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First Lord of the Admiralty - 1892-1921

1892-1895 John Poyntz Spencer, 5th Earl Spencer
1895-1900 George Joachim Goschen
1900-1905 William Waldegrave Palmer, 2nd Earl of Selborne
1905 Frederick Archibald Vaughan Campbell, 3rd Earl Cawdor
1905-1908 Edward Marjoribanks, 2nd Baron Tweedmouth
1908-1911 Reginald McKenna
1911-1915 Winston Churchill
1915-1916 Arthur Balfour
1916-1917 Sir Edward Carson
1917-1919 Sir Eric Geddes
1919-1921 Walter Hume Long

Prior to the Great War the control of the navy was vested in the Admiralty, composed of a first lord, six lords commissioners and two secretaries. The organization dated from 1912. The first lord, who was invariably a civilian and a member of one of the Houses of Parliament, represented the navy in the cabinet and in the legislature. He was responsible for the general direction and supervision of all business relating to the navy, political and board questions, promotions and removals, appointment of admirals and commanding officers, etc. The attached salary was $25,000.

Frederick Archibald Vaughan Campbell, 3rd Earl Cawdor, became First Lord of the Admiralty on the 6th of March 1905 under Arthur James Balfour, Conservative Prime Minister from 1902-5. He assumed office at a critical time in the modern history of the British navy. It was at the time of great changes which had been begun by Lord Selborne. These related to the organiation, distribution, and equipment of the fleet. Lord Cawdor strongly supported the prosecution of these changes. On 30 November 1905, a few days before the resignation of Mr. Balfour as prime minister, Lord Cawdor issued a "Memorandum on Admiralty Policy" which enunciated a ship-building policy in the following words : "At the present time, strategic requirements necessitate an output of four large armored ships annually." The issuing of this memorandum was his last public act as first lord of the admiralty, but he continued to hold a large place in naval discussions in the succeeding ministries. Upon the coming into power of the Liberal party, lie took a prominent part in the debates of the House as a member of the Opposition, and exercised considerable influence in Unionist councils.

On Mr. Asquith's succeeding to the premiership in the spring of 1908, Reginald McKenna, was transferred to the Admiralty. He entered on his new duties at a time when the country was profoundly stirred by the rapid increase of the German fleet, and was in doubt whether the preparations of the Admiralty were on a sufficiently extensive scale. At the same time a large portion of the Liberal party was disposed to belittle the danger and to call a halt to building-schemes in the interest of peace and economy.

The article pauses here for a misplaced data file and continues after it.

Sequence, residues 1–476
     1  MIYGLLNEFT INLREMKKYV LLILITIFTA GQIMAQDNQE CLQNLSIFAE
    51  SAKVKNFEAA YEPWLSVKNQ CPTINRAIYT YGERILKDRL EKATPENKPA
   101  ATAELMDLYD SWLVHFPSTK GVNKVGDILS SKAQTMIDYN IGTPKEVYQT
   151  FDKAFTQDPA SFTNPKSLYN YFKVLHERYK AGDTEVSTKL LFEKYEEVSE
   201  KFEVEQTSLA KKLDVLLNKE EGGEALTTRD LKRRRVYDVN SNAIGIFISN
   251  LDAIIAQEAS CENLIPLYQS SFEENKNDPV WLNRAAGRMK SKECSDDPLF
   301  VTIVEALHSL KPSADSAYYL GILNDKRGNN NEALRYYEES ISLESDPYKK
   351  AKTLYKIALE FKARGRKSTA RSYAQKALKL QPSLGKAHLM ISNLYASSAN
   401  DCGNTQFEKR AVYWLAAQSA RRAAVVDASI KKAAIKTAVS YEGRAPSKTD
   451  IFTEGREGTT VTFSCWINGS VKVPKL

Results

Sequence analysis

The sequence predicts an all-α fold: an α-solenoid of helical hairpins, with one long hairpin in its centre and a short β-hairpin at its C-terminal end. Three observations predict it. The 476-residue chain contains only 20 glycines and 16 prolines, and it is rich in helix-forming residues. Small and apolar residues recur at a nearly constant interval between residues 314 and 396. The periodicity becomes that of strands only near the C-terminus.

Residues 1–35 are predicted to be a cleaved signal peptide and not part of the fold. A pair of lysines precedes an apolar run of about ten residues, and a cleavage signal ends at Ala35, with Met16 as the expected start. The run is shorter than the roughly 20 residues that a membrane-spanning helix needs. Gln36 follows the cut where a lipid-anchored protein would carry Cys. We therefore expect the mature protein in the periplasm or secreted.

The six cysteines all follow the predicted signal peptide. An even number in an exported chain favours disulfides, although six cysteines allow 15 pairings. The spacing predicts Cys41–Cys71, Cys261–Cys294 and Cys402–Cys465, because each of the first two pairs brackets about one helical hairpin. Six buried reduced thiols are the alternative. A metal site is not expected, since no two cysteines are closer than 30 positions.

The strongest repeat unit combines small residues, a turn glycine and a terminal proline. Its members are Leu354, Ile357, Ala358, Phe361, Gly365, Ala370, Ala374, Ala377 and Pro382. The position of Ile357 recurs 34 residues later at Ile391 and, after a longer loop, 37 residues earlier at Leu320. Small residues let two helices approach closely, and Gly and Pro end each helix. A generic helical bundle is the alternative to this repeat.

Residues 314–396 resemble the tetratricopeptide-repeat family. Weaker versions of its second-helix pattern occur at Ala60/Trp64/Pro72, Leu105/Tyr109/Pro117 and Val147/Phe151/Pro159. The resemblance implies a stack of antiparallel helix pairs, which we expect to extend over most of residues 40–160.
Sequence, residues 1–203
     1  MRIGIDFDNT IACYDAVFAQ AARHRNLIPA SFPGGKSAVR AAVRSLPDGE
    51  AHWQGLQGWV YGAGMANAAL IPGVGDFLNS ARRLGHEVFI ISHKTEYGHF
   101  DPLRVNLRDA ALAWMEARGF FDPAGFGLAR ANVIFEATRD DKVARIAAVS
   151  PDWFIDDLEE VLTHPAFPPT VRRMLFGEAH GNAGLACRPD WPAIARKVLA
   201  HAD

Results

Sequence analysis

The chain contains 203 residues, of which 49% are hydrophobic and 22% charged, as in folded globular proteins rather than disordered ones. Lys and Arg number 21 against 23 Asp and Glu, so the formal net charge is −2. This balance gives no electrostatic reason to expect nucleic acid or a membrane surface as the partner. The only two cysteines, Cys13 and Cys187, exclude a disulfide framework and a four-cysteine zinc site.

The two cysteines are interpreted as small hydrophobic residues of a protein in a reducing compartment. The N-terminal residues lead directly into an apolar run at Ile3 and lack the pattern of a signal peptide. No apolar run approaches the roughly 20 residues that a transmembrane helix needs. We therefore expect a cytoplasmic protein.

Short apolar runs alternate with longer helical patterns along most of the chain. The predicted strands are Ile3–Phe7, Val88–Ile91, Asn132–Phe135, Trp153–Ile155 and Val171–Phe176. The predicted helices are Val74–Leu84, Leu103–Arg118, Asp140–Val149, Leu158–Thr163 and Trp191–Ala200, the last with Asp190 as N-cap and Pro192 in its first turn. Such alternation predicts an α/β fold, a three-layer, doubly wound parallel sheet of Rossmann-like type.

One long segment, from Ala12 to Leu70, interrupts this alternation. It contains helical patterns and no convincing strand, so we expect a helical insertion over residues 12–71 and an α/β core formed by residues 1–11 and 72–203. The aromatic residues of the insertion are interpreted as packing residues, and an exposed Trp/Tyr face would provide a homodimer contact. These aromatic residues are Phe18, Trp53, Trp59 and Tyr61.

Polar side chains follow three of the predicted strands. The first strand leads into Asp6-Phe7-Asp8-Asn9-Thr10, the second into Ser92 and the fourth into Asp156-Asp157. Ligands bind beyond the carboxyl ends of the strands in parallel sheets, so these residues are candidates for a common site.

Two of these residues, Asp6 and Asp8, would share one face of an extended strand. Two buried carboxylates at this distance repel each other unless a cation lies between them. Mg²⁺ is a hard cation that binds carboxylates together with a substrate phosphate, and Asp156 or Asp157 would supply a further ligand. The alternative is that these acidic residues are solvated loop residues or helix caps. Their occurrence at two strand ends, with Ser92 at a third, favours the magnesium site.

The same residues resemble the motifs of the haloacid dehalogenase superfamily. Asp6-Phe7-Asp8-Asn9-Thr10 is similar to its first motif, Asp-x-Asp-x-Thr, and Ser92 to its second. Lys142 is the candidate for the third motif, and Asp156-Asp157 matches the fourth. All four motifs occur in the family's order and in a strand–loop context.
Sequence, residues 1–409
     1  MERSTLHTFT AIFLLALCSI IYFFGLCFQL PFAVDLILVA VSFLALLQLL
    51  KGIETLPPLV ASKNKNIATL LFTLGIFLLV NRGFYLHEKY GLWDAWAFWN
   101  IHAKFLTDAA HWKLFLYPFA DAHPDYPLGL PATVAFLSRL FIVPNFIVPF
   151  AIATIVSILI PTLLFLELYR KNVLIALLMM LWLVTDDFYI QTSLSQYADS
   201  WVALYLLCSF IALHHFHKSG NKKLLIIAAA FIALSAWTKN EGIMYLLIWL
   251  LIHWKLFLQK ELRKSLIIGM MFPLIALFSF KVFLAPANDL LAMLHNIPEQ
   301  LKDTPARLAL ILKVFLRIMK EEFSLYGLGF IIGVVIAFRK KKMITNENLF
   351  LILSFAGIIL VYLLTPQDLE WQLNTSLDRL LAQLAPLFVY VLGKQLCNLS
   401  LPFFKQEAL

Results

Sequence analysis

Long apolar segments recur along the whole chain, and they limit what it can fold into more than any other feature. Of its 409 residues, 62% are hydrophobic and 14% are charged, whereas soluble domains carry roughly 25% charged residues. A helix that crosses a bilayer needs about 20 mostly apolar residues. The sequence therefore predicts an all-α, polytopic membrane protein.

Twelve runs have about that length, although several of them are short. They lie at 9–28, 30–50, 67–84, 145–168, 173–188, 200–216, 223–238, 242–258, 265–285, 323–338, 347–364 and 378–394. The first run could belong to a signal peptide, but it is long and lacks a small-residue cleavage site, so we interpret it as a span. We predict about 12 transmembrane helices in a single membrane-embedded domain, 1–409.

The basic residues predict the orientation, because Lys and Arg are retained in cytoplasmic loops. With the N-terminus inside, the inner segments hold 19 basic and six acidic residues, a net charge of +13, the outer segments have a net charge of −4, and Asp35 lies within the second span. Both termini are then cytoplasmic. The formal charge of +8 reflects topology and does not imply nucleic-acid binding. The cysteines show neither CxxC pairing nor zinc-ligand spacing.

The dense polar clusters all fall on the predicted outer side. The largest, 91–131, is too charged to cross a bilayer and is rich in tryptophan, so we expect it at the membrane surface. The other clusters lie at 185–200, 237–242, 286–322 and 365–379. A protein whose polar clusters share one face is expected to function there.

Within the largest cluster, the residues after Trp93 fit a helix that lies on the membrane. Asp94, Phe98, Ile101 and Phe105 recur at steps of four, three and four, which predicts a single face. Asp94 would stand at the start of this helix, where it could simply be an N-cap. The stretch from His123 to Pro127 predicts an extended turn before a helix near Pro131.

Mr. McKenna, relying upon the advice of his First Sea Lord, Lord Fisher, resisted the section of the Cabinet, represented by the powerful figures of Mr. Lloyd George and Mr. Churchill, who took this last view; and, supported by the Prime Minister and Sir Edward Grey, he persuaded his colleagues to begin the building of four battleships of the "Dreadnought" type in 1909, and to ask for power, if necessary, to prepare for the construction of four more a year later. This program disgusted the Radical economists, but did not satisfy public opinion. The Unionists and other friends of a big navy carried on an agitation to the slogan, " We want eight, and we won't wait," and eventually, on July 26, 1909 Mr. McKenna announced that the second four Dreadnoughts would definitely be ordered. The estimates of 1909 had shown an increase of nearly L3,000,000; those of 1910 showed a further increase of L5,500,000, mainly due to new construction.

A still further increase of 3,750,000 in 1911 made it clear that Mr. McKenna and the Admiralty were in earnest in their determination to maintain "a fleet sufficient to hold the seas against any reasonably probable combination." In June 1911 he was able to make satisfactory arrangements at the Imperial Conference for complete unity of action in time of war between Dominion fleets and those of the mother country. He could feel, when in the autumn he passed from the Admiralty to the Home Office, that he left behind him a much stronger fleet than he had found.

In late April 1917 the War Cabinet discussed the 'convoy controversy'. On 23 April Prime Minister David Lloyd George pressed for the introduction of convoys for merchant vessels but the First Sea Lord resisted the measure and was instructed to make another report to the War Cabinet. When Lord Jellicoe made the report on the submarine menace at the next Cabinet, there was no mention of convoy as a possible antidote to the U-boat attacks. The War Cabinet felt they did not have sufficient information to make informed decisions. It was therefore decided on 25 April 1917 that the Prime Minister formally visit the Admiralty to conduct his own investigation. Between 26 April and Lloyd George's visit on 30 April, the Admiralty decided convoys would be given a thorough trial and their structure re-organised.